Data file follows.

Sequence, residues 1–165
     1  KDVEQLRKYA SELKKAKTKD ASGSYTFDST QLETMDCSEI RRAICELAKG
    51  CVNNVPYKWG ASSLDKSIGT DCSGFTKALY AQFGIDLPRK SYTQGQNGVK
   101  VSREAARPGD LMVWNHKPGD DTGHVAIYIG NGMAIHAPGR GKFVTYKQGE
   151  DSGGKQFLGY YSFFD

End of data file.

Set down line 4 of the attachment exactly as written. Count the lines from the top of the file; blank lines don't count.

   101  VSREAARPGD LMVWNHKPGD DTGHVAIYIG NGMAIHAPGR GKFVTYKQGE